• During exercise, glycogen stores will become depleted and the quickest method to restore these levels is through the use of simple CHO. Simple carbohydrates are found naturally in foods such as fruits, milk, and milk products. They are also found in processed and refined sugars such as sugar, candy, syrups, and soft drinks. The use of these must be balanced against gastrointestinal comfort for the individual as the nutritional benefits may be offset by discomfort during exercise. Tip: Aware of stomach pains

What are the benefits of carbohydrate drinks?

If you are training at a level that would benefit from additional carbohydrate intake then taking a carbohydrate drink can:

  • Optimize training so you get the maximum benefit from it.
  • Improve overall performance.
  • Help prevent overtraining.
  • Enable faster recovery between training sessions.

What happens if I do not take enough carbohydrates?

The consequence of following a low CHO diet, even for 1-3 days whilst continuing to exercise, can include:

  • Reduced resting muscle and liver glycogen (energy) stores.
  • Reduced exercise capacity performance.
  • Increased fatigue and risk of overtraining.

Carbohydrate drinks references

  • Achten, J., Halson, S., Mosely, L., Rayson, M.P., Casey, A., & Jeukendrup, A.E. (2003. Effect of diet on symptoms of overreaching in runners during a period of intensified training. Medicine of Science in Sports and Exercise. 35(suppl.), S211.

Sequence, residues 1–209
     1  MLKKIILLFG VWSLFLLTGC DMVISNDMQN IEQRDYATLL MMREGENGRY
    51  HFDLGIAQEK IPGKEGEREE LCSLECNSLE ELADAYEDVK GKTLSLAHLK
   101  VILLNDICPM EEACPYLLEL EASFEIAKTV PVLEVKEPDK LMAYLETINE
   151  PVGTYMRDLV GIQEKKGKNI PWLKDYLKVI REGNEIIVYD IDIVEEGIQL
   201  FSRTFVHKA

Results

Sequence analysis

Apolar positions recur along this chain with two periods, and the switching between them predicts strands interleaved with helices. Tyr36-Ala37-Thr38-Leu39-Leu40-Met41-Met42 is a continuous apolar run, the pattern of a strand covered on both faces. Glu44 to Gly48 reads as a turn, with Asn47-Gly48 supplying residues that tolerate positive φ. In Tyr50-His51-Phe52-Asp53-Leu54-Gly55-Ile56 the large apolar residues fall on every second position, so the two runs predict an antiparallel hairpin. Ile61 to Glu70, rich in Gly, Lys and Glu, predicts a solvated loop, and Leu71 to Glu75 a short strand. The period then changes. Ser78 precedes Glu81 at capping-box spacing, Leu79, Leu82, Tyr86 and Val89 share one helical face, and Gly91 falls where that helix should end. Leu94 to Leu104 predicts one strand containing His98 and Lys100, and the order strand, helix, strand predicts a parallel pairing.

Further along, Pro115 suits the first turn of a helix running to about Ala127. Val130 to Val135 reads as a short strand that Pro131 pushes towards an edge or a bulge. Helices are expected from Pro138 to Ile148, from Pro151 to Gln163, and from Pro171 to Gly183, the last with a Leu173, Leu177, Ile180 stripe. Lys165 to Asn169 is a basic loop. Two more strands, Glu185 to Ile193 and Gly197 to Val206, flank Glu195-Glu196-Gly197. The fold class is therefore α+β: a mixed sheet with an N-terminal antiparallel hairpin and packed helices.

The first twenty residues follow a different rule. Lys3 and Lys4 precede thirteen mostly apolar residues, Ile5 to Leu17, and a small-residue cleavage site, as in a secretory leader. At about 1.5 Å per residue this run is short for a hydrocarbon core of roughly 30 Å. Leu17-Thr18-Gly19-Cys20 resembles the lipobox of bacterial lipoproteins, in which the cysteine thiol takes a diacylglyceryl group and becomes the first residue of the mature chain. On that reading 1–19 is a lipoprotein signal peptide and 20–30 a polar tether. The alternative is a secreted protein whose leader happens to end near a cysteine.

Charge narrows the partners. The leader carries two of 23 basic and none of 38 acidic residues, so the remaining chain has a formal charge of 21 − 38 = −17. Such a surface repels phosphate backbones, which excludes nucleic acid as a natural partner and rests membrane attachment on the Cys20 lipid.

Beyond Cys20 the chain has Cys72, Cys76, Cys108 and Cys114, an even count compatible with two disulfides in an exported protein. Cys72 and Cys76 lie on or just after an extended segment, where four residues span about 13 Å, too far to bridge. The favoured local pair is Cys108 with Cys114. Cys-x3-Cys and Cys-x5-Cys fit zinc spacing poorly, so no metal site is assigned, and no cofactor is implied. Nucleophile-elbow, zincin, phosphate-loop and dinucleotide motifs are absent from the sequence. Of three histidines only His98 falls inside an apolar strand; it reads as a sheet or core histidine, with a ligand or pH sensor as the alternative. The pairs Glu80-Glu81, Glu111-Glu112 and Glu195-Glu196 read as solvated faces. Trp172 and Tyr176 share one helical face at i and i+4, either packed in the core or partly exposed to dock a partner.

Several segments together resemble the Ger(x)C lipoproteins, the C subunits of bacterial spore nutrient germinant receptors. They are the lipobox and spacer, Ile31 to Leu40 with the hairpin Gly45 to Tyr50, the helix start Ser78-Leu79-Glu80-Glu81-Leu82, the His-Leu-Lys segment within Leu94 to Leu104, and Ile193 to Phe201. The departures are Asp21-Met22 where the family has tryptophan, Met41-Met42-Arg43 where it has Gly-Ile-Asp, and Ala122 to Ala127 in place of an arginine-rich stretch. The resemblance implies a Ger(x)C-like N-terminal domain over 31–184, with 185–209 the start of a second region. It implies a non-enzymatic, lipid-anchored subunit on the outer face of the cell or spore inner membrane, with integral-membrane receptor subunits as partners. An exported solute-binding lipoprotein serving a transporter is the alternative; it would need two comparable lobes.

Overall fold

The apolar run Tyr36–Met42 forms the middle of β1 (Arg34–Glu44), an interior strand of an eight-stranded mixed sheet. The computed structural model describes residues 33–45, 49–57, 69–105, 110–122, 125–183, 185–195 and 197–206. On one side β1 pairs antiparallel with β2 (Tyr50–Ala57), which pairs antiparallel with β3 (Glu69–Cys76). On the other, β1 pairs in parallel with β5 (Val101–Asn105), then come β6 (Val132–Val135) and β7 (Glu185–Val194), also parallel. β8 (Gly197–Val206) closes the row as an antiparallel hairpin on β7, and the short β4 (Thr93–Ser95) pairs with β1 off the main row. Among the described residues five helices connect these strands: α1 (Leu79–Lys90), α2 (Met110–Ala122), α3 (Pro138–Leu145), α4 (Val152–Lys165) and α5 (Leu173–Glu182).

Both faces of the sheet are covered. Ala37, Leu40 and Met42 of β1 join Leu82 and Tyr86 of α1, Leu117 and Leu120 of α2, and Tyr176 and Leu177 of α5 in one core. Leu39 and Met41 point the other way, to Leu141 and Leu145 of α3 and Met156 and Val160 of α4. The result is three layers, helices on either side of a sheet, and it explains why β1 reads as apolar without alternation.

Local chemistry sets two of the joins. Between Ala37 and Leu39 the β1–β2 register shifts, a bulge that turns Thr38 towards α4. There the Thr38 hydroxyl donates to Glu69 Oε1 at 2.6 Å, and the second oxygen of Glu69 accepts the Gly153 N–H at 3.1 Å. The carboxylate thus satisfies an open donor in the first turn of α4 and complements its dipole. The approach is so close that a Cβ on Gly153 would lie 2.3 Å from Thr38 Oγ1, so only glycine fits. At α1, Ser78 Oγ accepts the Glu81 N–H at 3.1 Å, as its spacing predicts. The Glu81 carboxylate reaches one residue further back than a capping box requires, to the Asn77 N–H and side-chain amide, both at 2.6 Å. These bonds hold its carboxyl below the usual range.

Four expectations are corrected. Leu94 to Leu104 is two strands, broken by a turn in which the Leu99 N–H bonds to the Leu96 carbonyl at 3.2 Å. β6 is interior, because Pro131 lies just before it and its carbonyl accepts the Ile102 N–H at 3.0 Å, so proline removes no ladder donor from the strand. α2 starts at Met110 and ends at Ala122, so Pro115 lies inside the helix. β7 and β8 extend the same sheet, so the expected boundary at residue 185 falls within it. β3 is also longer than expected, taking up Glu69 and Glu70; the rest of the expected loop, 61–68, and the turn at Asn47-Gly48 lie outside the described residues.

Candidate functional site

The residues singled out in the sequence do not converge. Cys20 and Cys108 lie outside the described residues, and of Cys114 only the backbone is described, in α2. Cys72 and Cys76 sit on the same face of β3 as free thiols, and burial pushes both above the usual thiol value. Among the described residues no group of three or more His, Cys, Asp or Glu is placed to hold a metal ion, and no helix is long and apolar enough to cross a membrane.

• Burke, L, M. (2010). Fueling strategies to optimize performance: training high or training low? Canadian Journal of Medicine and Science in Sports. 20 (suppl. 2), 48-58.
  • Burke, L, M., Hawley, J.A., Wong, S.H., & Jeukendrup, A.E. (2011). Carbohydrates for training and competition. Journal of Sports Science. 29 (Suppl.), S17-27.
  • Burke, L.M., Kiens, B., & Ivy, J.L. (2004). Carbohydrates and fat for training and recovery. Journal of Sports Science. 22, 15-30.
  • Campbell, C., Prince, D., Braun, M., Applegate, E., & Casazza, G.A. (2008). Carbohydrate-supplement form and exercise performance. International Journal of Sports Nutrition and Exercise Metabolism. 18, 179-190.
  • Foskett, A., Williams, C., Boobis, l., & Tsintzas, K. (2008). Carbohydrate availability and muscle energy metabolism during intermittent running. Medicine and Science in Sports and Exercise. 40(1), 96-103.
  • Jeukendrup, A.E. (2008). Carbohydrate feeding during exercise. European Journal of Sports Science. 8(2), 77-86.
  • Roberts, S.P., Stokes, K.A., Trewartha, G., Doyle, J., Hogben, P., & Thompson, D. (2010). Effects of carbohydrate and caffeine ingestion on performance during a rugby union simulation protocol. Journal of Sports Science. 28(8), 833-842.
  • Schroder, S., Fischer, A., Vock, C., Bohme, M., Schmelzer, C., Dopner, M., Hulsmann, O., Doring, F. (2008). Nutrition concepts for elite distance runners based on macronutrient and energy expenditure. Journal of Athletic Training. 43(5), 489-504.